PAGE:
Friday, April 22, 2022

If Keean Bexte were any more dishonest, ...

... he'd be Sheila Gunn Reid. Here's Bexte, waxing indignant over an alleged overreach by Canadian border officials, wherein Bexte clearly suggests that said officials will have unfettered freedom to snoop through your smartphone or whatever:

Note well the quote from Bexte, wherein he clearly implies that the portion of the legislation he is quoting ends, well, there. End of sentence. Period.

Of course, with Bexte, there's always more to it than that, as we can see that the sentence does not in fact end there, but continues on to add significant and important qualifiers:

In the end, while you're free to argue the merits of Bill S-7, you should at least agree that proper journalism demands you quote with accuracy and integrity, something I suspect Keean never picked up while learning at the knee of the master.


Anonymous said...

Lawyers and executives have been carrying "clean" laptops across borders for years, then logging into the firm's portal to retrieve documents on arrival. Customs, especially US Customs, have always had a very broad right to search and courts have ruled that people have virtually no expectation of privacy at the border. If you're carrying dick pix on your phone, you can expect them to become the property of Uncle Sam when you cross the border. Same goes when you come home. And if you're in the States, remember that the Border Patrol's jurisdiction extends 100 miles from the border, meaning that they have the right to stop and search you in most major US cities and there ain't sweet Fanny Annie you can do about it.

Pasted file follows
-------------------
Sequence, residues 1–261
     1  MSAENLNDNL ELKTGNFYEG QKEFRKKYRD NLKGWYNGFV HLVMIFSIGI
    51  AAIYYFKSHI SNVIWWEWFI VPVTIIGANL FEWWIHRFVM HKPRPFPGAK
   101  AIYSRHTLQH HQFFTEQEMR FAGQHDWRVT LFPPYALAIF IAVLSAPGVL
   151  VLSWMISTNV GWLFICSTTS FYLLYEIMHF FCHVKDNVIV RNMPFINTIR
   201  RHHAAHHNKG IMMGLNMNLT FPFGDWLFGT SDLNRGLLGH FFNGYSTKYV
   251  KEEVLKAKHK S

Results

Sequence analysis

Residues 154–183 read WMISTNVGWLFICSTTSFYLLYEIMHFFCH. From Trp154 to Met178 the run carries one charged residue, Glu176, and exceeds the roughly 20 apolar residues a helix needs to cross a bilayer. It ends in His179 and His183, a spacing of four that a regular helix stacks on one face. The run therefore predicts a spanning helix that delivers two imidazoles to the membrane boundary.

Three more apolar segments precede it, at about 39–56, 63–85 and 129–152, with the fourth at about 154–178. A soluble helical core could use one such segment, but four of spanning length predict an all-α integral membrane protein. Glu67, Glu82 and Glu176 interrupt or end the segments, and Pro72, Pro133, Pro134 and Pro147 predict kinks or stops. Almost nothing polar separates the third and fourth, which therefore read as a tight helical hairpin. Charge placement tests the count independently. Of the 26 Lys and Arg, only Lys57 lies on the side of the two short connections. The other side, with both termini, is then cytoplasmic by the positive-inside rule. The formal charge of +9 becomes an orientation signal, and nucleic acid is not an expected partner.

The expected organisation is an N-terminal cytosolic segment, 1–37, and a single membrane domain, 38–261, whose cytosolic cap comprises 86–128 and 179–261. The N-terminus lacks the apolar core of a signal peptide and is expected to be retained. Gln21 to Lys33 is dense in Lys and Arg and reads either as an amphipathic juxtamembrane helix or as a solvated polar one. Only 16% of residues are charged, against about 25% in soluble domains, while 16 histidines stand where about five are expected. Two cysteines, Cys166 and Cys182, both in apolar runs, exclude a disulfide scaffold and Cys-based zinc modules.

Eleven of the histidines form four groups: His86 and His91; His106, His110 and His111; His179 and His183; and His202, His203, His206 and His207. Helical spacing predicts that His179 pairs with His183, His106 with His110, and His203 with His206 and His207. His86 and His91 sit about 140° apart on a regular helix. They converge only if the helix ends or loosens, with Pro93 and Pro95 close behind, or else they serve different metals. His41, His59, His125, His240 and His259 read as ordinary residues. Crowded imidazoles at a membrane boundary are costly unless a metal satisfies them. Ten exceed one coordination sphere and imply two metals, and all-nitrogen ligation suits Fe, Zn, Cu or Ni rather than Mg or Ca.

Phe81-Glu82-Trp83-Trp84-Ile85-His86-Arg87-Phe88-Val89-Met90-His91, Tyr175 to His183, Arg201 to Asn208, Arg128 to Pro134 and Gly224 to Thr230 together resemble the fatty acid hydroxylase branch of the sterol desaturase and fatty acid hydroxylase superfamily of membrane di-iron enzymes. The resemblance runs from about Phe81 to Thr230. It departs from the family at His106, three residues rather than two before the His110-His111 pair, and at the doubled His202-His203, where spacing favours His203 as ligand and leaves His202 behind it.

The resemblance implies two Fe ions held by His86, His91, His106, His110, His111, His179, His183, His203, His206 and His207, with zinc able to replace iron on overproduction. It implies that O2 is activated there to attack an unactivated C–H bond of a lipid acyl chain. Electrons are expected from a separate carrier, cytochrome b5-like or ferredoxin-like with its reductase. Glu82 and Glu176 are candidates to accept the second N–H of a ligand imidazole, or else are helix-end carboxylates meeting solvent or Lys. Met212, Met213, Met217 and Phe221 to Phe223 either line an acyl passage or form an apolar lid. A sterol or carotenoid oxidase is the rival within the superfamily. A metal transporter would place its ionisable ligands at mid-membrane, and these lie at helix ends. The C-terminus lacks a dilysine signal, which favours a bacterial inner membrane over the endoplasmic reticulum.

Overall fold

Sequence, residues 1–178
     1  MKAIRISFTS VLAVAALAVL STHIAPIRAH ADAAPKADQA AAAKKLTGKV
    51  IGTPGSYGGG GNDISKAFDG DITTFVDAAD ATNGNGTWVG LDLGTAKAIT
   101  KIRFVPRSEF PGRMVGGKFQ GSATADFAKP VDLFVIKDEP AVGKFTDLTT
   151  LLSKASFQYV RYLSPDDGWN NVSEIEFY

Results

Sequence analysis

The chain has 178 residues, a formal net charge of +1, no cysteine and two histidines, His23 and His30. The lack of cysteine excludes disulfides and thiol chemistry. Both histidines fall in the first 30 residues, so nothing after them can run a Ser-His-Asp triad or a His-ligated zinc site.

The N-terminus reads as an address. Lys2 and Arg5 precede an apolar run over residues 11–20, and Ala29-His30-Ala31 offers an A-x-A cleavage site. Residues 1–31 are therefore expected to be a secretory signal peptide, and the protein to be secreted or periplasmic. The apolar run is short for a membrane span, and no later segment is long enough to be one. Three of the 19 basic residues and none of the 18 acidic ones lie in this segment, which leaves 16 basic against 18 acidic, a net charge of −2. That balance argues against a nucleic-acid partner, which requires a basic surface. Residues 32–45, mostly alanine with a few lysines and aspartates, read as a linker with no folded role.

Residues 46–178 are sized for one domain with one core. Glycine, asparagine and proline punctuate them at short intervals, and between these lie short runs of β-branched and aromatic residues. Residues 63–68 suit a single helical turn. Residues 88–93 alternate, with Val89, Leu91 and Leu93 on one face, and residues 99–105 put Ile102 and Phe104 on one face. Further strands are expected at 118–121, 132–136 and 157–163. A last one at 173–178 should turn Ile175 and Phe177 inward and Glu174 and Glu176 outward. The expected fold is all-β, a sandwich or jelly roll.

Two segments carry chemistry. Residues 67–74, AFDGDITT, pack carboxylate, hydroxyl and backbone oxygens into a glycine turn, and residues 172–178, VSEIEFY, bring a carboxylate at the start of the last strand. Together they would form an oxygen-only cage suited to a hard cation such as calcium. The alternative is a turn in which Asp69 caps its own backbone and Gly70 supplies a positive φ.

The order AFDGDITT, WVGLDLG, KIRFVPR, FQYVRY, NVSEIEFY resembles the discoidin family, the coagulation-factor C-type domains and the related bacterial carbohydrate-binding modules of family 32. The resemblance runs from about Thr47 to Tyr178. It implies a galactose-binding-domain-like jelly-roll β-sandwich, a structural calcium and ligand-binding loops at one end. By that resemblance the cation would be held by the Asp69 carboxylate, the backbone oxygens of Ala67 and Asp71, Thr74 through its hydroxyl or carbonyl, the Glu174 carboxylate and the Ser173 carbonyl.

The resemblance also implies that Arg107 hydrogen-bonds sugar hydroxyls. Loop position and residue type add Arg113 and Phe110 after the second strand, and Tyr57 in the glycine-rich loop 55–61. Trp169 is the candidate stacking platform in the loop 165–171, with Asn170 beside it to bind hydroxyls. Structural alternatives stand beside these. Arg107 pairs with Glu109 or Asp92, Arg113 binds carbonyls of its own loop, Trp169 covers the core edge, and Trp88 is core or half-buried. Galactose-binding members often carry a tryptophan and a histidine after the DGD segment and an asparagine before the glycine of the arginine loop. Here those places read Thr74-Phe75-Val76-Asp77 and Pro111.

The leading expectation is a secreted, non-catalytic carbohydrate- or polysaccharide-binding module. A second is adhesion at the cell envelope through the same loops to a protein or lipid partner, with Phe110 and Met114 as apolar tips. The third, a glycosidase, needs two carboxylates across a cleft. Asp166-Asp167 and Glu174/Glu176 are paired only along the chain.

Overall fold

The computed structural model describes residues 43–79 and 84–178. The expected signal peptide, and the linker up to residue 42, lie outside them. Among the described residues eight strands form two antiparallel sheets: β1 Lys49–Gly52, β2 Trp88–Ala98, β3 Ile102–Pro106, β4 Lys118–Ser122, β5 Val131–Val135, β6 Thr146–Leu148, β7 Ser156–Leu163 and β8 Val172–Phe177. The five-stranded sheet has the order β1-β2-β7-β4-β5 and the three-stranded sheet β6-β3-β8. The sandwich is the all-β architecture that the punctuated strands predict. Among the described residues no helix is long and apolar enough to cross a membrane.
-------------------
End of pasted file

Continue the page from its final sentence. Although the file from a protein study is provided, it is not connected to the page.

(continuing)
CC said...

Anon: I'm not arguing either for or against the legislation; I am taking the position that, regardless what you think of it, it's sleazy and irresponsible to misrepresent or manipulate quotes to score political points. There's enough about the legislation to criticize without having to fabricate stuff.